Originally Posted by RTK
One question longrangehntr, Are you a hunter and/or have been an elk hunter for a number of years where these canadian wolves were introduced???
I am a hunter and I have been hunting long enough that ranchers shooting elk because they are eating hay but then say because of the ranchers the elk are doing great so they can shoot however many elk they want rubs me the wrong way. I also have a problem with shooting game animals and letting it go to waste because that is what someone wants to do. they released the wolves on fed land, the local governments could take action against any infringements once the wolves moved off the fed land.
more discussion points:
Defenders of Wildlife instituted a program in Montana and Idaho that paid $5,000 to ranchers to protect wolf dens on the ranchers’ land.
Other conservation groups offer compensation to ranchers for livestock and pet deaths.2 However, expenses add up, especially when government officials are needed to police wolf-prone areas and determine the cause of livestock deaths. Which raises the hypothetical point: how much money is needed to alleviate the stress on a rural family when their pet dog is killed by a gray wolf? How far can money go?
Other measures taken by Federal Government include fencing reintroduction areas and the killing of wolves that step out of bounds of their control area.
The last point raises an important issue; is it legal to kill or capture an endangered species? Hardcore advocacy groups and pro-wolf organizations have taken the matter to court, effectively stalling gray wolf reintroduction efforts. For example:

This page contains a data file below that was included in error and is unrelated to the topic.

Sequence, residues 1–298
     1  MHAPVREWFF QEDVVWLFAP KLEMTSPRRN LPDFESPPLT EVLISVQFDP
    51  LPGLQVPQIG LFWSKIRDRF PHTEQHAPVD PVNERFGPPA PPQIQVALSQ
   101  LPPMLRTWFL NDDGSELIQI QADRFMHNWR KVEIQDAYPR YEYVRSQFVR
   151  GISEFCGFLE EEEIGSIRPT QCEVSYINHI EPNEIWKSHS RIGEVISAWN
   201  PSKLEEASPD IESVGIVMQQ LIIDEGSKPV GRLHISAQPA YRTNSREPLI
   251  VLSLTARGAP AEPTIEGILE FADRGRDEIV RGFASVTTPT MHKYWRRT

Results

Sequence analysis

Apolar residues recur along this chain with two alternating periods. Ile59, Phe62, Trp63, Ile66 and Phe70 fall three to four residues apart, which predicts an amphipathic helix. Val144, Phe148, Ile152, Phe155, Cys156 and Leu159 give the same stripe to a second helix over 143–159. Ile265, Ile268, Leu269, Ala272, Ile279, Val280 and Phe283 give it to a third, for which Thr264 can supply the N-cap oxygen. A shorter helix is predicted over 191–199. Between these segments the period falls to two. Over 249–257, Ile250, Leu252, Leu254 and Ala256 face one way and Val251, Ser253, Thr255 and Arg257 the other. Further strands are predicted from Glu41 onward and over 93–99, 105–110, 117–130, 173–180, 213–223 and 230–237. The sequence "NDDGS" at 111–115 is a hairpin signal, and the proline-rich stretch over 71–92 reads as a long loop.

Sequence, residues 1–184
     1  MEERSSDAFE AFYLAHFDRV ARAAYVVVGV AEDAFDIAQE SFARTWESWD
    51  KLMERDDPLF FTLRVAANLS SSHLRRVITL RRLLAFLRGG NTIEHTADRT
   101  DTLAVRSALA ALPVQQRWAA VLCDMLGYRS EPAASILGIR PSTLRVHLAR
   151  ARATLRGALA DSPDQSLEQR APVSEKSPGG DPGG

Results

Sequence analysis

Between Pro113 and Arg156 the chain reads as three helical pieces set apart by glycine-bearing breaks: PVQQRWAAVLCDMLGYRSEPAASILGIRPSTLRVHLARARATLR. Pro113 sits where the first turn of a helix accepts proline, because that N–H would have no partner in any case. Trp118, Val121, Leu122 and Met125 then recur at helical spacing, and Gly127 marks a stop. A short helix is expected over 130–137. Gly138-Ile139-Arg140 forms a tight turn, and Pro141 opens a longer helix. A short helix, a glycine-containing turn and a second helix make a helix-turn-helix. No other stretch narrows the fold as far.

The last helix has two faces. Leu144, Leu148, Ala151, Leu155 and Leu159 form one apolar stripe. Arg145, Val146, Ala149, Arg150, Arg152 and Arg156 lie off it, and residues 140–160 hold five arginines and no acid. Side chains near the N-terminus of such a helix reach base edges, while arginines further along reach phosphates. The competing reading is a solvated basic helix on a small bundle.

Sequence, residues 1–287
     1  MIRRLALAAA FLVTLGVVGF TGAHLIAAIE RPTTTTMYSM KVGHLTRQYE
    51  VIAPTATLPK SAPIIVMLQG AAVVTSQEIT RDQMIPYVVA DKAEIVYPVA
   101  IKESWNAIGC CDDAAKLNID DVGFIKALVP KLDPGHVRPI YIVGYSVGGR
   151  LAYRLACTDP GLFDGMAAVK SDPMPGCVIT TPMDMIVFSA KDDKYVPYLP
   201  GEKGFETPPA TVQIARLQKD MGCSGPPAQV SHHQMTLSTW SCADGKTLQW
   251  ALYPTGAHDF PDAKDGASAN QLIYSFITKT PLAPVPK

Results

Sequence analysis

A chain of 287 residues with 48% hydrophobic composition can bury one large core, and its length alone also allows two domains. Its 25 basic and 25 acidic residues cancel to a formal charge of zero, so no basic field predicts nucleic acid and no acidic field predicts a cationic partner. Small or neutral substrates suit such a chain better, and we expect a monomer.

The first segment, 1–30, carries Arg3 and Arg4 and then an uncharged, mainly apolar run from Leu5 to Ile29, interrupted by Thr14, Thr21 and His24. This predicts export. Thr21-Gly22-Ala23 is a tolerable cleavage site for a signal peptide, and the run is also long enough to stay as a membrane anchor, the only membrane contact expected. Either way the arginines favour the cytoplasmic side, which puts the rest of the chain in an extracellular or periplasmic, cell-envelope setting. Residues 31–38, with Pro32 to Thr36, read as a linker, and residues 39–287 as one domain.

The law is ambiguous about the capture or kill of endangered wolves.
Lawsuits in Wyoming and the Southwest by environmentalists and the Farm Bureau argue that, in active Federal Government wolf reintroduction programs in Idaho and Montana, the “nonessential, experimental wolf populations” being relocated are not protected under the Endangered Species Act (ESA) like they should be (the gray wolf is endangered in all states).
Therefore this relocation constitutes a taking (killing, capture, or harming) by the Federal Government.
In active reintroduction programs in Montana and Idaho, the federal government has granted special permits to ranchers that enable the ranchers to kill wolves that attack livestock, easing up restrictions placed on the wolf under the ESA.
A federal judge recently ruled a reintroduction out west as illegal and ordered the killing of wolves to stop.1 Ironically, pro-wolf environmental groups hail this as a victory because wolves are not being killed anymore. Yet reintroduction plans are stalled due to the above legislation, and I believe this is a major step backwards for wolf reintroductions.
Conservationists are debunking wolf myths and fears. On the other hand, some proponents of wolf reintroduction are taking steps to ensure reintroduced wolves do stand a chance. Groups like the Defenders of Wildlife are mobilizing and spreading unbiased information about the wolf, debunking many public myths about the gray wolf. Their hope is for improved education, and for lawsuits and litigation to be avoided in the future.
Unfortunately for many pro wolf groups, this is not an ideal world where gray wolves could return to the land they inhabited hundreds of years ago; and find it uninhabited. One conservation biologist argues that with reintroductions of wolves, the process itself needs to be controlled from people at the local level.
Some biologists suggest wolf protection begins at the community level.
L.D. Mech says there is “no recovery without control.” He proposes control at the local level, which is crucial to the success of an active reintroduction plan in Maine and other states.
Compensation measures and lethal control devices must be instituted at the local level by townships and state or county environmental organizations.
Initiatives that incorporate the studying, protecting, and holding by local native tribes (who own some of the land where wolves are reintroduced) in Idaho have proven that local efforts can work.